Song: “Ke’ayol Taarog”│Album: Kumtanz 2 DVD│Composer: Shmuel Yefet│Year: 2014

It lay forgotten for eight years.

Composer and musician Shmuel Yefet wrote the hauntingly beautiful “Ke’ayol Taarog” —a song which has become a powerful niggun of inspiration around the world since its debut in 2014 — back in the summer of 2006 and all but forgot about it. But, he says, there’s the right time for everything.

“My friend [producer] Moishy Roth called me up and asked if I remembered the tune I’d composed for ‘Ke’ayol Taarog,’ which I had played and recorded in his studio one day several years ago. He wanted to use it for the Kumtantz 2 performance which he was producing with the Menagnim orchestra.”

Yefet, however flattered, objected to the suggestion. “Look,” he told his friend. “ ‘Ke’ayal Taarog’ is a quiet, reflective song. It needs to be sung at a kumzitz, not a kumtantz event.” But Roth overrode him.

“Believe me, I know what I’m talking about. It’s the perfect finale song,” he pleaded. Then came the clincher: “And Motty Steinmetz will sing it.”

With that, Yefet’s hesitations were calmed. He knew that Steinmetz was one singer who could give “Ka’ayol Taarog” all the depth and intensity it demanded. That performance at the Kumtantz concert catapulted “Ka’ayol Taarog” to fame. It has since been recorded on several albums and as part of soul medleys.

The distinctive intro and deliberate pace of Yefet’s tune captures the thirst expressed in Dovid Hamelech’s timeless image of the yearning Jewish soul. “Like a thirsty deer at a stream of water, so my soul thirsts for You.” It’s become a standard at those arm-linked, shoulder-swaying kumzitzes, is regularly chosen for chuppahs, and played as wedding celebrations wind down. For Yefet himself, a keyboard player and guitarist who has a one-man band and is booked for weddings almost every night, he says it’s a privilege to hear it.

He’s been playing instruments since the age of seven, and Yefet’s composing streak was in evidence from around that time too. “I still have a recording of a tune which I recorded as a seven-year-old cheder boy,” he says. But even then, he never purposefully sat down to compose. “When I feel full of emotion, a niggun emerges from deep within. Afterwards I work to improve on the tune and add the finishing tweaks and touches, but most of what I’ve written has been the result of spontaneous inspiration, not purposeful musical effort.”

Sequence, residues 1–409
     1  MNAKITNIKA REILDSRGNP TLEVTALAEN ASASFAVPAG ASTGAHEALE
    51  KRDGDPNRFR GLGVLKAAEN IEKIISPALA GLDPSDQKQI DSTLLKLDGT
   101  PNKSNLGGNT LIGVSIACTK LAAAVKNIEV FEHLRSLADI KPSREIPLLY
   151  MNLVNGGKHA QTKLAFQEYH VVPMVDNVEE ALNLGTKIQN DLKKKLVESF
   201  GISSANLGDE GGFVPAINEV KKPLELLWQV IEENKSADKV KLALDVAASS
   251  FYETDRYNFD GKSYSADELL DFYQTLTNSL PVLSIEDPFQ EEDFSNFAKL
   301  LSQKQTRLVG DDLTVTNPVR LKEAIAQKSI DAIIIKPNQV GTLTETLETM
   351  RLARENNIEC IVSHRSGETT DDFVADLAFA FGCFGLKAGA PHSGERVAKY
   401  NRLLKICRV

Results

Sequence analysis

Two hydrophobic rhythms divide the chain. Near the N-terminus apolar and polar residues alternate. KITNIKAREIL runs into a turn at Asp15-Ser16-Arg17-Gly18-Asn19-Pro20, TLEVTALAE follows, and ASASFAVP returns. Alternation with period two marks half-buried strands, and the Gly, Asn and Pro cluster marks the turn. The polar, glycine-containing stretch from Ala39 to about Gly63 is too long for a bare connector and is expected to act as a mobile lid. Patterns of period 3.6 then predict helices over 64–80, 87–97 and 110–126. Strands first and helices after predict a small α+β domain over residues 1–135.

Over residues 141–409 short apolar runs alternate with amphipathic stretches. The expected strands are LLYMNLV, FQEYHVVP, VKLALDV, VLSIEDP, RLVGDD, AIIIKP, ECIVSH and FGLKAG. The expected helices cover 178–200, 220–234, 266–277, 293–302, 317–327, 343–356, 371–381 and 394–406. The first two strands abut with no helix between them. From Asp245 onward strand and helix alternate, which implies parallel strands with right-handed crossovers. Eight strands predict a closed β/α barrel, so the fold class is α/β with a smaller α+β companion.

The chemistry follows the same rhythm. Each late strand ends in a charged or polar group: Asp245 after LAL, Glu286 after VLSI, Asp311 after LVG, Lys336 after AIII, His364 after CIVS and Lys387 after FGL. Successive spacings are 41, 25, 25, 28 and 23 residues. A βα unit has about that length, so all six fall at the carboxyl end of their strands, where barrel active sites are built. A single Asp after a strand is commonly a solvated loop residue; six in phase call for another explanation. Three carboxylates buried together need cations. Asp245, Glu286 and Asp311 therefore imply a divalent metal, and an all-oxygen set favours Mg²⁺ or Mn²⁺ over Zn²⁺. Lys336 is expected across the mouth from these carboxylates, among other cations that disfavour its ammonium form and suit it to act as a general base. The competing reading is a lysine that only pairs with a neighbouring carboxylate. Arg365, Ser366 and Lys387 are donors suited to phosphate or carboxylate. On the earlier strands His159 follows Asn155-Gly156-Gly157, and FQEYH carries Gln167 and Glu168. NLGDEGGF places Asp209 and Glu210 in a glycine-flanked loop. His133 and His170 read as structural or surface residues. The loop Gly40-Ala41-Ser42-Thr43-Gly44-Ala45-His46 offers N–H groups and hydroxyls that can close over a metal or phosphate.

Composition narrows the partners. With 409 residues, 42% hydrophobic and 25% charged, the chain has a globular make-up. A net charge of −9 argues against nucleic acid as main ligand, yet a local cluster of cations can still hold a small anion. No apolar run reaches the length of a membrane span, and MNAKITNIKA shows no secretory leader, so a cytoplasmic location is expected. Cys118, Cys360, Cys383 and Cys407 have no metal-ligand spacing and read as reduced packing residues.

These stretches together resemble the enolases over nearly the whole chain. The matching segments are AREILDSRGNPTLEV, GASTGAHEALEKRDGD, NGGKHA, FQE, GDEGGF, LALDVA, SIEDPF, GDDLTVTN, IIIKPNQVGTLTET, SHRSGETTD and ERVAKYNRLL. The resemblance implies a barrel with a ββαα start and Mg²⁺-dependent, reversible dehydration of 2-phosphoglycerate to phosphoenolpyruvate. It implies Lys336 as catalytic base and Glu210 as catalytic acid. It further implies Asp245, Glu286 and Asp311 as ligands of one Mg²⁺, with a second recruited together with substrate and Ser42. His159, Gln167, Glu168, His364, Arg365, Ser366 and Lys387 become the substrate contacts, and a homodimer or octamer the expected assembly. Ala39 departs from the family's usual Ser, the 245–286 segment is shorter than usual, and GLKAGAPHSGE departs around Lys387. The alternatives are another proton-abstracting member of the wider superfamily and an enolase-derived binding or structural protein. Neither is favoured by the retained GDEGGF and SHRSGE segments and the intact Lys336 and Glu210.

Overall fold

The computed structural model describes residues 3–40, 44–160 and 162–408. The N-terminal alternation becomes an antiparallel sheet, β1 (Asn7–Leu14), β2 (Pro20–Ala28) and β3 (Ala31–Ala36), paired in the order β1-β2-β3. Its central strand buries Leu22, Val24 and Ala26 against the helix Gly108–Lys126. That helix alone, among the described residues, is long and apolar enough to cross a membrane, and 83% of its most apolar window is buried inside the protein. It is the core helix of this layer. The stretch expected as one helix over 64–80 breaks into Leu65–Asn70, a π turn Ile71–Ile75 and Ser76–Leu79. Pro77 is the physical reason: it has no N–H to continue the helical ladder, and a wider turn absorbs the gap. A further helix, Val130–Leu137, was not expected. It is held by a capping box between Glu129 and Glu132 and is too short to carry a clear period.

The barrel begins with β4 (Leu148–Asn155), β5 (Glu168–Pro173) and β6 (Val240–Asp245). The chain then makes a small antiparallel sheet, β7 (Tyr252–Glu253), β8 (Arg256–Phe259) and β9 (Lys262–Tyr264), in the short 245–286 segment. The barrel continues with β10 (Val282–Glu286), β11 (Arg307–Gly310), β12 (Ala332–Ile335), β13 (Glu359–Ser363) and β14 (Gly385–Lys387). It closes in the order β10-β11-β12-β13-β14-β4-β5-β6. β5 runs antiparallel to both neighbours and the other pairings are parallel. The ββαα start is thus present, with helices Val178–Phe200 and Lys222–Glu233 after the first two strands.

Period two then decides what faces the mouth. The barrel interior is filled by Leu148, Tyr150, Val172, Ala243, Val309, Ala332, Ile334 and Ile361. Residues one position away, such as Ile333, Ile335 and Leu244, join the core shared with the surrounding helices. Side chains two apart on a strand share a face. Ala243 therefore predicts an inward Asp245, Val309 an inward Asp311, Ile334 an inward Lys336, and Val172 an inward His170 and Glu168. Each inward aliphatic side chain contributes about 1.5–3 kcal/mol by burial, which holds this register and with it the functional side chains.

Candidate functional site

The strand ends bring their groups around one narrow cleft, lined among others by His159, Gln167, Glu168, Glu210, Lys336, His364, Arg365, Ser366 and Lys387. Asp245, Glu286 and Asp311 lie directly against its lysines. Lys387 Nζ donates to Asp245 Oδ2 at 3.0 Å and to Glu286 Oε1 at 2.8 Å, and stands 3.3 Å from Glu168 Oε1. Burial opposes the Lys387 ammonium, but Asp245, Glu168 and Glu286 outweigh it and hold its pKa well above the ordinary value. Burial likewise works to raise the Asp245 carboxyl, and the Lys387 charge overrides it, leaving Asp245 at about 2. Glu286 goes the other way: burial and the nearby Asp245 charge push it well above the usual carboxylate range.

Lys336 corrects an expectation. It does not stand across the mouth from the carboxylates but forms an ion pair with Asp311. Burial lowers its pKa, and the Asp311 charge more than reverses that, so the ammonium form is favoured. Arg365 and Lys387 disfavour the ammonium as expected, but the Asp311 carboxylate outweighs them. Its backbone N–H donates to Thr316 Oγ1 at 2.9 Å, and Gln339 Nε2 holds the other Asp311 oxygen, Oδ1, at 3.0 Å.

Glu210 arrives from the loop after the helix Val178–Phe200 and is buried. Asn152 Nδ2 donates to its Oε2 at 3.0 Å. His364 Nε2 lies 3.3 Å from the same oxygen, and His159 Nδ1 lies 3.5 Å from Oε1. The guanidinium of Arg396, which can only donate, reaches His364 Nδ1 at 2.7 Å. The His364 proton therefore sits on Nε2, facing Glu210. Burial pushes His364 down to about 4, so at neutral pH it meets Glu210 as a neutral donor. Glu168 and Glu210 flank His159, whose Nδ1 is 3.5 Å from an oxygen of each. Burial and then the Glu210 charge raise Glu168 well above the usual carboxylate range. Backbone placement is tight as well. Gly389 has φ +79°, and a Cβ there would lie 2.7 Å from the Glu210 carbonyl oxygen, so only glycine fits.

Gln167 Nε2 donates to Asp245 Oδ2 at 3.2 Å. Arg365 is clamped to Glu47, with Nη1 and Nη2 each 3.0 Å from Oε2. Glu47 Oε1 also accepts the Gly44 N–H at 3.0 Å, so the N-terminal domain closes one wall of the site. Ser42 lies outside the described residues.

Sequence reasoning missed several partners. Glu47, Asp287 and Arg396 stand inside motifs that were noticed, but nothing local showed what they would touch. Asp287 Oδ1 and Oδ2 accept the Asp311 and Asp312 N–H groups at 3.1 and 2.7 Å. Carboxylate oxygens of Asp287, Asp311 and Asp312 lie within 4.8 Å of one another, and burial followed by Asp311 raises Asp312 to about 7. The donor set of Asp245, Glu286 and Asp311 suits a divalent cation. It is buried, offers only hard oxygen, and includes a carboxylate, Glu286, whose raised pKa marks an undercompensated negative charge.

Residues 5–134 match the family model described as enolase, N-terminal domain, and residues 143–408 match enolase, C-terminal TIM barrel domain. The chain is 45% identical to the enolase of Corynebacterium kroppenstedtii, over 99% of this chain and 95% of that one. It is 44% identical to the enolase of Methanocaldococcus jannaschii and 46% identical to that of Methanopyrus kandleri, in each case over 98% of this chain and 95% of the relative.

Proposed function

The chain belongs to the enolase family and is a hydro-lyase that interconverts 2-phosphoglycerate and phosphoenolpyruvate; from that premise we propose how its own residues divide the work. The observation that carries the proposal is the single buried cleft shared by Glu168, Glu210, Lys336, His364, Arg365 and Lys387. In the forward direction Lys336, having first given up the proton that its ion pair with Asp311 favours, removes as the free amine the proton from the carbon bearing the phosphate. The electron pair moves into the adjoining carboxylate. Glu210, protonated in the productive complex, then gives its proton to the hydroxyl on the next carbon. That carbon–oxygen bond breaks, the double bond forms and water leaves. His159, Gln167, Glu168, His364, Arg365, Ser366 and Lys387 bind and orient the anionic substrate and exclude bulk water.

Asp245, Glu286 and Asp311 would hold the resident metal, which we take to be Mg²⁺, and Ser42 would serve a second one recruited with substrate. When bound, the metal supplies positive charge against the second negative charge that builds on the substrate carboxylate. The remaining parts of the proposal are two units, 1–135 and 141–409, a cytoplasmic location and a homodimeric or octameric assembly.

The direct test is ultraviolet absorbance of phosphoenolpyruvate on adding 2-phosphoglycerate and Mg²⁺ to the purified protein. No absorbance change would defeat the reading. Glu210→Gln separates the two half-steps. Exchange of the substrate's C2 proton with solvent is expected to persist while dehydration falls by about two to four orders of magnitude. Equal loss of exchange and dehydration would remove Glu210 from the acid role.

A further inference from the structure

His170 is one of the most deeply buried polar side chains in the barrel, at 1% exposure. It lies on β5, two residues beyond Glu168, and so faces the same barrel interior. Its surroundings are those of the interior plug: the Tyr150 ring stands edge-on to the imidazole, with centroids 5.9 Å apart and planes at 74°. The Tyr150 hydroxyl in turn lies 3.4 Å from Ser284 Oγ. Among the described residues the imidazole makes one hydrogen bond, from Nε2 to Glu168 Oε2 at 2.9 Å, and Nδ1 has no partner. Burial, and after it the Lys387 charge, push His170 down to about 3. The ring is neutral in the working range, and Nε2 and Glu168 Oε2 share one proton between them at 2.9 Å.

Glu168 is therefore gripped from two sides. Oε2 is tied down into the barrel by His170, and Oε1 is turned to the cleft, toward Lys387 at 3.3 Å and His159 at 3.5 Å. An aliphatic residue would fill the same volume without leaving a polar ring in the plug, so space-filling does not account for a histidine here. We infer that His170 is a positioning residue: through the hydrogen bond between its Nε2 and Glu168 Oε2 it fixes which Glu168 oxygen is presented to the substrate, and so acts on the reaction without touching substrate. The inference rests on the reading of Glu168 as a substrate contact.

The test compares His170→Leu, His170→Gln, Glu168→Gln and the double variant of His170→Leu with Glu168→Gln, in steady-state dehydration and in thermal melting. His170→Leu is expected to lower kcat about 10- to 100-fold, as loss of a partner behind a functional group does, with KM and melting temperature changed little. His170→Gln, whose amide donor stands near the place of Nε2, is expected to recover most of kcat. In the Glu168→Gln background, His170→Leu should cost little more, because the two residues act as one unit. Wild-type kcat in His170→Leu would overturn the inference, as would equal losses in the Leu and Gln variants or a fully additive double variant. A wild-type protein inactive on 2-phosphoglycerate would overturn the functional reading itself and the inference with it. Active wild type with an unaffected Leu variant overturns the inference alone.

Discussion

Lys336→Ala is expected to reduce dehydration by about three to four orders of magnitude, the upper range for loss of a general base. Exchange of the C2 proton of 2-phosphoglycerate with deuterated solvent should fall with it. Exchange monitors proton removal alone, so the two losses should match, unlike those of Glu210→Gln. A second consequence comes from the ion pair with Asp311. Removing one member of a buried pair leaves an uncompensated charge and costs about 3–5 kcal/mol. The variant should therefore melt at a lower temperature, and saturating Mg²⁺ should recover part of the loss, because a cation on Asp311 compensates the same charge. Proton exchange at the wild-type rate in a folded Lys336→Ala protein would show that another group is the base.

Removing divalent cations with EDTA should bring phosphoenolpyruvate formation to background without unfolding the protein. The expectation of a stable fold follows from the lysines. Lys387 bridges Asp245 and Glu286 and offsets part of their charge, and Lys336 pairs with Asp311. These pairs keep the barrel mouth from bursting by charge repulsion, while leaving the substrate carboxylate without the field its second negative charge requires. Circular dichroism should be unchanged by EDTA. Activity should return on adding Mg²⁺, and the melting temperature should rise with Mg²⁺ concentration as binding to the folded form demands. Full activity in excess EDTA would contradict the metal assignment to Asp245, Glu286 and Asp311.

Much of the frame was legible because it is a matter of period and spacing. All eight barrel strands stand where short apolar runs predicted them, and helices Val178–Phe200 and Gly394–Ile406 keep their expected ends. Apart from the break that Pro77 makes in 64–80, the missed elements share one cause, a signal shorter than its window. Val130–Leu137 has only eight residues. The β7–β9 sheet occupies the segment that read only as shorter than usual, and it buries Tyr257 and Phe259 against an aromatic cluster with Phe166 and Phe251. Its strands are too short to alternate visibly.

Every song has its unique siyata d’Shmaya,” Yefet reflects. “One can never predict how far it will go. But having the right arrangements and the right singer to convey its message is crucial. I had ‘Ka’ayol Taarog’ buried for eight years without even thinking about it. Baruch Hashem it’s merited unexpected success.”

“Recently, an 86-year-old chassid contacted me about ‘Ke’ayol Taarog’”, adds Yefet. “He told me he’d been looking for me for two years to tell me that the song helped him to stay connected to his rebbe who had passed away. He said the combination of the words and this particular niggun helped him find his own soul’s connection to its spiritual legacy.”

Yefet has several popular songs to his credit, although like other behind-the-scenes composers, many people have never even heard of him, let alone associate him with the hits he’s written. His famous “Hu Yivneh Bayis Lishmi” was released as a single by Avraham Fried, who dedicated it to Dovid Tzvi Guttstein — the sole survivor of a horrific crash that killed his wife, baby, and his wife’s’s entire family, the Bernsteins, during bein hazmanim of 2010. Yefet is also the composer of the hartzige “Malachim Mevakshim B’chaninah,” performed by Shlomo Cohen on Kumzing II in 2012 (which was included that year as a gift disc in Mishpacha’s Succos package). With his days spent learning and evenings playing at simchahs, Yefet hopes somewhere in the middle he’ll continue to find the inspiration that he so proficiently translates into song.